Pediatric HIV/AIDS Clinic Opens In Mbeya, Tanzania
The doors to a specialized pediatric HIV/AIDS outpatient clinic in Tanzania opened today in Mbeya, the region with the second highest HIV/AIDS prevalence in the country. While Tanzania, home to about 1.4 million people with HIV/AIDS, has made significant strides in HIV/AIDS treatment, pediatric care continues to be a key area of need. It is estimated that there are currently 140,000 children in Tanzania living with HIV/AIDS. Only 8 percent of these children are currently receiving antiretroviral therapy (ARVs) and the Mbeya center will help in achieving the Government of Tanzania’s goal of reaching 25 percent by 2013.
The Mbeya pediatric center was established through a public-private partnership between the Baylor College of Medicine International Pediatric AIDS Initiative (BIPAI), Texas Children’s Hospital, the Abbott Fund, the United States Agency for International Development (USAID) and the Government of Tanzania.
Commitment to quality health care
“Our new Children’s Centre of Excellence will bring consistent specialized pediatric HIV care, treatment and prevention into the Southern Highlands Region of Tanzania,”said Michael Mizwa, chief operating officer and senior vice president of BIPAI. “The goal is for this center to serve as a catalyst for training local health care workers and expanding access to pediatric and family-centered HIV/AIDS care and treatment across the country.”
The Baylor College of Medicine-Texas Children’s Hospital-Abbott Fund Children’s Clinical Centre of Excellence-Tanzania is located on the grounds of the Mbeya Referral Hospital which serves a population of over 2.4 million. HIV prevalence in Mbeya fell from a high of 13.5 percent in 2004 to 9.2 percent in 2008, but is still estimated to affect nearly one in ten adults.
“The opening of the Children’s Center of Excellence represents the most recent example of both Abbott’s longstanding commitment to expand access to quality health care in Tanzania, and our partnership with BIPAI to strengthen pediatric HIV care,” said Andy Wilson, vice president of the Abbott Fund. The Abbott Fund is the philanthropic foundation of the global health care company Abbott. To date, the Abbott Fund has provided more than $42 million in grants and donated products to BIPAI to support the treatment of children with HIV in the developing world.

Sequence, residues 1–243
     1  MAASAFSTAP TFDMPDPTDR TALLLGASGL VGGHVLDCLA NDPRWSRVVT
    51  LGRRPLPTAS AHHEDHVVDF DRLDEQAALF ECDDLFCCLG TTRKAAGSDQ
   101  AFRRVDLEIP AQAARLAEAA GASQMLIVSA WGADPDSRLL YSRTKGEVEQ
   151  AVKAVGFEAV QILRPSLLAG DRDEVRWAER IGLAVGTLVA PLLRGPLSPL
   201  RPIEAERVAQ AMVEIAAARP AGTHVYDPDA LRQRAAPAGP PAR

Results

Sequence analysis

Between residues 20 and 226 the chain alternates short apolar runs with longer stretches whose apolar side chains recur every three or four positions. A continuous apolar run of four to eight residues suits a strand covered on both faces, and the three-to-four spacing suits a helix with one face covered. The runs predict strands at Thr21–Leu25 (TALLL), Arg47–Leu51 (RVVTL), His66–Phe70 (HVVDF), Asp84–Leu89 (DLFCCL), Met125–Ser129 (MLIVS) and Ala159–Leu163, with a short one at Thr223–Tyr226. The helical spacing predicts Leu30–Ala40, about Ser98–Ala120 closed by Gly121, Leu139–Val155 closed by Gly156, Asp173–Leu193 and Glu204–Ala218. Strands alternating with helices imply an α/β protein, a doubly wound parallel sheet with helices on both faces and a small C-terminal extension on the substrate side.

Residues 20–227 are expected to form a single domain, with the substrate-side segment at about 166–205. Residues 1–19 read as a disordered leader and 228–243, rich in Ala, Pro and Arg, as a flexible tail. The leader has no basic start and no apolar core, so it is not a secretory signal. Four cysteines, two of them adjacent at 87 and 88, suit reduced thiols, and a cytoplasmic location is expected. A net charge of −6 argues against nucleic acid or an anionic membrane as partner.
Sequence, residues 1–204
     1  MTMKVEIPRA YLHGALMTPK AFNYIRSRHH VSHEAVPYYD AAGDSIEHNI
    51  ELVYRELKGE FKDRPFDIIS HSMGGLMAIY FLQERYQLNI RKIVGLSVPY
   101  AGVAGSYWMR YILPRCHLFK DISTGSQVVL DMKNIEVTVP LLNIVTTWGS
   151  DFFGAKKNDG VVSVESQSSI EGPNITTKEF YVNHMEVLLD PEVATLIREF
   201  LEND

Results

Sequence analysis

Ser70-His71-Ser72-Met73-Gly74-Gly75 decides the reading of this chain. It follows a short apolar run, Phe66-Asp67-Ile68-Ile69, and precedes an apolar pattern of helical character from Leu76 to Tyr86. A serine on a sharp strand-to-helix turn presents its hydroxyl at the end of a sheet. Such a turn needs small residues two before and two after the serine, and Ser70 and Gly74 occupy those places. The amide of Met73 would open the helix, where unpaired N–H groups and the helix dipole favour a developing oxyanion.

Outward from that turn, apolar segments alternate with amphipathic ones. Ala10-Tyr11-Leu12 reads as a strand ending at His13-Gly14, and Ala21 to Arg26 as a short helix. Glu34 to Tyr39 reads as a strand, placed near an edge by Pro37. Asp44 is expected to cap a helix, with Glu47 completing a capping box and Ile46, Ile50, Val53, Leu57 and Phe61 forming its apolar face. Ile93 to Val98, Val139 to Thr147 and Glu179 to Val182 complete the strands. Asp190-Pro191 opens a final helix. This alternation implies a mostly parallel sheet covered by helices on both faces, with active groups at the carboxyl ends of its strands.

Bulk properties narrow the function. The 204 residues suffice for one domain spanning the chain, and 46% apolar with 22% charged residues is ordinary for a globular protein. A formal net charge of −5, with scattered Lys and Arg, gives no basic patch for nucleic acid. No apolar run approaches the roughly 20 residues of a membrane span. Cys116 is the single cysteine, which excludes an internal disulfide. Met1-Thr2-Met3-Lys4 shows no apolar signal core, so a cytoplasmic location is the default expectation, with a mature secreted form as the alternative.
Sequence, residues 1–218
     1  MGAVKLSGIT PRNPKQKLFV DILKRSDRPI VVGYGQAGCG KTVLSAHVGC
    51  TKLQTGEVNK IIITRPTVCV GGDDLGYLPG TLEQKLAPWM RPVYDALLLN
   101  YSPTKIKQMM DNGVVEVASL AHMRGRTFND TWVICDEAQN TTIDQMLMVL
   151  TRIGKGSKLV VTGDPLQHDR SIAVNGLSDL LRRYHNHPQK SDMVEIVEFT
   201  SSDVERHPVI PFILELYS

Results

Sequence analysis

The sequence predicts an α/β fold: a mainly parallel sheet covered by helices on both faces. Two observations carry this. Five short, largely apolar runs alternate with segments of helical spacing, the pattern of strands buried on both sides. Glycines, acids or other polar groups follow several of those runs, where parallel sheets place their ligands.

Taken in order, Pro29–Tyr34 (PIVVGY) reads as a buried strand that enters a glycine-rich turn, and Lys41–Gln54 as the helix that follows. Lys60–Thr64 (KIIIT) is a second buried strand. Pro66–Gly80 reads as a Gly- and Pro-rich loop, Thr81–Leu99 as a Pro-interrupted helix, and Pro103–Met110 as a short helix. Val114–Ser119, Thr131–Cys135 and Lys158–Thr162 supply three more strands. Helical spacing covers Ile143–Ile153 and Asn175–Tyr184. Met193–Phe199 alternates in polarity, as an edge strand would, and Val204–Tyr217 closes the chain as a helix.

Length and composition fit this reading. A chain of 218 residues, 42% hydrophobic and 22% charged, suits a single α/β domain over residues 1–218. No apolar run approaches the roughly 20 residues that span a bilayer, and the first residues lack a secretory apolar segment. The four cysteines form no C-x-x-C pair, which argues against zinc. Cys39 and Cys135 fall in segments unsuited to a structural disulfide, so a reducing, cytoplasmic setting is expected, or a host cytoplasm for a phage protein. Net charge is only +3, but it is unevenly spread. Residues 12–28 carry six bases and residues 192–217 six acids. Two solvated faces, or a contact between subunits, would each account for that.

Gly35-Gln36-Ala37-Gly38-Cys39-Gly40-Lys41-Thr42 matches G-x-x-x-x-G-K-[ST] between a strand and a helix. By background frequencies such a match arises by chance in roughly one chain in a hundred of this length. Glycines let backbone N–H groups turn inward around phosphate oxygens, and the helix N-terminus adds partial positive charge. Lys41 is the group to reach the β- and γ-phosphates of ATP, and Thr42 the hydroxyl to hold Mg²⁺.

The Abbott Fund committed more than $2.5 million to the project, which will be run by BIPAI and its local non-government organization affiliate the Baylor College of Medicine Children’s Foundation-Tanzania. The clinic will be staffed almost exclusively by Tanzanian personnel, augmented by a small number of BIPAI and Texas Children’s Global Child Health pediatricians, who will assist in care and treatment, as well as building local health professional capacity through education, training and mentoring. USAID will provide funds for ongoing care and treatment operations at the center through President Obama’s Emergency Plan for AIDS Relief (PEPFAR).
Addressing daily needs
There are now nine BIPAI pediatric HIVAIDS children’s centers of excellence treating more than 90,000 children in eight countries. The Mbeya and other BIPAI Network children’s centers in Africa are modeled on pioneering work conducted by BIPAI and supported by the Abbott Fund at the Romanian-American Children’s Center, which opened in April of 2001 in Constanta, Romania. In this model, children are not only provided antiretroviral medicine and other medical treatment, but are supported by a comprehensive program to address both the children’s and their families other daily needs. This program reduced pediatric AIDS mortality by more than 90 percent in Constanta ““”“ the epicenter of pediatric HIV in Europe.
In 2006, the Abbott Fund and BIPAI also opened the Baylor College of Medicine-Abbott Fund Children’s Clinical Centre of Excellence, the first pediatric HIV care clinic in Malawi, located at Kumuzu Central Hospital in Lilongwe.
By 2013, the Mbeya Pediatric AIDS Center is expected to care for at least 5,000 HIV-infected and affected children and their families.
Attending today’s dedication ceremonies were Dr. Jakaya Mrisho Kikwete, President of the United Republic of Tanzania, represented by Dr. Mohammed Gharib Bilal, Vice President of the United Republic of Tanzania; Dr. Hadji Mponda, Minister of Health and Social Welfare; United States Deputy Chief of Mission Robert Scott; Andy Wilson, vice president, the Abbott Fund; and Michael Mizwa, BIPAI chief operating officer and senior vice president.
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